But aside from an initial uptick in mid-February, Wildrose has been holding steady despite the slip in PC support.

The New Democrats have been relatively steady as well in both cities, but it is the Liberals who have made gains, surpassing Wildrose in Edmonton and continuing their consistent increase in support in Calgary. As these are the two cities where the Liberal and NDP opposition have the most to gain, this is important to watch.
This is the first time that Abacus has reported on the situation in Alberta, and they are using a new method for this campaign. The polling firm usual uses an online panel, but this time they used the IVR method, as they will be doing throughout the Alberta campaign.

The Edmonton and Calgary numbers in this poll are generally what we've seen elsewhere, though the New Democrats are looking weaker in Edmonton than the norm and the Liberals are looking stronger in both cities. But the dead heat between the Tories and Wildrose in Calgary is nothing unusual.

The results in the rest of the province are drawn from smaller samples, but are also somewhat standard. The Tories are running low in northern Alberta, but some of their usual support may have been drawn off by that large "Another party" result. The New Democrats are looking surprisingly competitive outside the two main cities, while the Liberals and Wildrose are both doing best in southern Alberta, as should be expected. That the Tories are doing so badly, however, is somewhat of a surprise and a potential problem for Alison Redford.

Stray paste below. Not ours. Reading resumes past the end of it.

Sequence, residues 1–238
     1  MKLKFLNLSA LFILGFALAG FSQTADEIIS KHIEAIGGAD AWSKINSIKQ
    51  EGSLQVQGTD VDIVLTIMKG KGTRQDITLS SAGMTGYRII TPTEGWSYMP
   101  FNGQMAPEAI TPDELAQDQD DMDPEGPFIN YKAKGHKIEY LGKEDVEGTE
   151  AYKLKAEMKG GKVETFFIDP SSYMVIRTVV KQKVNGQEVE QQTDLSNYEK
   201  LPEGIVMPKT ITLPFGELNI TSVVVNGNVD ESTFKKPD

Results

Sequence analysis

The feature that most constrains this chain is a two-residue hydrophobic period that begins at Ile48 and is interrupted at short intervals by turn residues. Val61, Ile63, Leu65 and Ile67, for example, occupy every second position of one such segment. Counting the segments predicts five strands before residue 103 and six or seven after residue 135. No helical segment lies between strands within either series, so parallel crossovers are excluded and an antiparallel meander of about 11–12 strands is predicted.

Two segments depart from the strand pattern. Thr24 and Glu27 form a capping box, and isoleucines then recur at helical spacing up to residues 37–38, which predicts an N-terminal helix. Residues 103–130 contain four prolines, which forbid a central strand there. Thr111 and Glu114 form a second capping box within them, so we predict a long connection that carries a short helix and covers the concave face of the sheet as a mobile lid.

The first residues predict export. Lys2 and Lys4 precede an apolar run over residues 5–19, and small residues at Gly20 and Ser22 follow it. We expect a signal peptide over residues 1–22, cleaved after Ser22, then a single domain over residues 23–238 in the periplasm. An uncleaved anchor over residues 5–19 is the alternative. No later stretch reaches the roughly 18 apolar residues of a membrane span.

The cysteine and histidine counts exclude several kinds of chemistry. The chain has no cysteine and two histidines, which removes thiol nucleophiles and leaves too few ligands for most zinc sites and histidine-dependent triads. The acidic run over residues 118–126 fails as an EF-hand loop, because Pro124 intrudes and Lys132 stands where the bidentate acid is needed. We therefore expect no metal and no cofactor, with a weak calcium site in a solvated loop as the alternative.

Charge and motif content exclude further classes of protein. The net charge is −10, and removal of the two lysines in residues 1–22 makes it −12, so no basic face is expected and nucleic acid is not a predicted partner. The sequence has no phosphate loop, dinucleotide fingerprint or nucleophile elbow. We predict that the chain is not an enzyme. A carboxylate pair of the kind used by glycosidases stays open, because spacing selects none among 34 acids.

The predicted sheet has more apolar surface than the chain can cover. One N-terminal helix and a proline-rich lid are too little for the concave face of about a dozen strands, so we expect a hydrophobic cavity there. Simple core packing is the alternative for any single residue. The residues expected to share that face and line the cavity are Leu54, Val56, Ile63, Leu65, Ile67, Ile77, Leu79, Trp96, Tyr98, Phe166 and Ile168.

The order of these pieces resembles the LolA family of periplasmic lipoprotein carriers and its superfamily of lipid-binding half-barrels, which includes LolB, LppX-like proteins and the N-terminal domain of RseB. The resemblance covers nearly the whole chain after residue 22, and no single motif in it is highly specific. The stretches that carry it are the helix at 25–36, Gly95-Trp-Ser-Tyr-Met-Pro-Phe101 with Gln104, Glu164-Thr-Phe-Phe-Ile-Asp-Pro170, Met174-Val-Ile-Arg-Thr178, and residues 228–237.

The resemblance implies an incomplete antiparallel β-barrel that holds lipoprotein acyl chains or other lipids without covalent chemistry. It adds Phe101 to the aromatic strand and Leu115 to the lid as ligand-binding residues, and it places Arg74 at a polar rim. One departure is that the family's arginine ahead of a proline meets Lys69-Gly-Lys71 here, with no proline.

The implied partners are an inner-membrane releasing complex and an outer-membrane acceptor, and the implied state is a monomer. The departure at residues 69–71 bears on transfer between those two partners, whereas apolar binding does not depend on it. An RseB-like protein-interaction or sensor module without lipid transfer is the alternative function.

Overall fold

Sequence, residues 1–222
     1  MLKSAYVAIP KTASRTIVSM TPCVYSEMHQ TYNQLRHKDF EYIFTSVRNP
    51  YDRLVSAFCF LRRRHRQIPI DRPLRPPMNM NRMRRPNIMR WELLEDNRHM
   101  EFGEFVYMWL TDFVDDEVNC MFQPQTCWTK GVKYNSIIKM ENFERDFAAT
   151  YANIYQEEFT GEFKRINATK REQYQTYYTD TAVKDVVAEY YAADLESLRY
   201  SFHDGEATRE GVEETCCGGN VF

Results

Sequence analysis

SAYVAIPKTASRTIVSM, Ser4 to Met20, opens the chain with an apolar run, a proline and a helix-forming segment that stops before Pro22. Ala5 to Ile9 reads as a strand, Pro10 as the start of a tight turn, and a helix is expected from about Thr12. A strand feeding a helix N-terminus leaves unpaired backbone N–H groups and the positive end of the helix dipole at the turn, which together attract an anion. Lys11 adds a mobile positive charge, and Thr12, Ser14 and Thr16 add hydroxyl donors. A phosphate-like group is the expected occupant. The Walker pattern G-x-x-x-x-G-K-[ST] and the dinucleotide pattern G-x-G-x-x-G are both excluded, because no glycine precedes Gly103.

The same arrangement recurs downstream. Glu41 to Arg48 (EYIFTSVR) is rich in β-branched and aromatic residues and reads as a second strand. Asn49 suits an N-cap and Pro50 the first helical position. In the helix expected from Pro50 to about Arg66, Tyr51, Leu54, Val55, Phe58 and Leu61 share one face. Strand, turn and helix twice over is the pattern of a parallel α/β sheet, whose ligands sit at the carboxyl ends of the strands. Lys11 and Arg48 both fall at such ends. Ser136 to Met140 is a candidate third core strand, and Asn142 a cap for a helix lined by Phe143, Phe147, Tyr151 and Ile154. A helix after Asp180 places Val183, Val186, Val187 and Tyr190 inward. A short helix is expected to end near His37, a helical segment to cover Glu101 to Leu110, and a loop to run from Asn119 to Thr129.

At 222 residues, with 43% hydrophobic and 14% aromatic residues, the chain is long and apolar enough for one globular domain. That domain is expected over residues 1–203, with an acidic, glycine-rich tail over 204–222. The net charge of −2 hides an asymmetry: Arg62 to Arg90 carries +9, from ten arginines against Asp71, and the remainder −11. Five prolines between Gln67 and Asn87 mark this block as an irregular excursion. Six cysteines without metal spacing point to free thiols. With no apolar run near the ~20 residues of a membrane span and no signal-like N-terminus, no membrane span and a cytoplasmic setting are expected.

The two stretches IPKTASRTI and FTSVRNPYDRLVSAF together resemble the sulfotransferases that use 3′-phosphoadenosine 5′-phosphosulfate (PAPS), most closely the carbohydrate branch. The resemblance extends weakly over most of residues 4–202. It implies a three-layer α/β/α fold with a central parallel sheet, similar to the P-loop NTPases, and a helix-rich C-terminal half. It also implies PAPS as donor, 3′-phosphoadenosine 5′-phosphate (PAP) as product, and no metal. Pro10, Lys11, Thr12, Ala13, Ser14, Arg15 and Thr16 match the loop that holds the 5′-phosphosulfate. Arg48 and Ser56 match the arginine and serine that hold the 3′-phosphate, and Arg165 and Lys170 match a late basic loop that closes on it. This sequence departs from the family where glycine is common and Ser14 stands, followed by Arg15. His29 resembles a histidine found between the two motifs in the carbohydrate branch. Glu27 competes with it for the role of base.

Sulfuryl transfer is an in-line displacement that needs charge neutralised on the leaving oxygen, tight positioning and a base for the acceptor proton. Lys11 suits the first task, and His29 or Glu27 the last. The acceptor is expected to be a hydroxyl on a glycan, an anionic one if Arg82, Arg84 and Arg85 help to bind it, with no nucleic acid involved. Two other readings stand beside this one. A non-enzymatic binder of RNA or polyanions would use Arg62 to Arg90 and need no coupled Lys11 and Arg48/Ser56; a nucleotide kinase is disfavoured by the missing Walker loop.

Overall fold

If we meld the three regional results together, we get 33% for Wildrose, 30% for the Tories, 16% for the NDP, and 15% for the Liberals in the Rest of Alberta. That means a big drop in support for the PCs to the benefit of all three other parties.

This could be due to Redford's negative favourability numbers. Abacus found that 29% of Albertans have a favourable opinion of the PC Leader, compared to 31% who have unfavourable opinion. Another 31% were neutral.

Raj Sherman of the Liberals and Brian Mason of the NDP also had net negative numbers, with Sherman scoring 22% favourability to 27% unfavourability and Mason splitting 20% to 25%. Only Wildrose Leader Danielle Smith had net positive numbers: 31% favourable to 23% unfavourable.

Smith also scored best among her supporters: 77% of Wildrose voters have a favourable view of her compared to only 3% who don't. Mason also does well among his supporters with 68% favourability, but Redford (57%) and Sherman (56%) should be doing better within their own voting pool.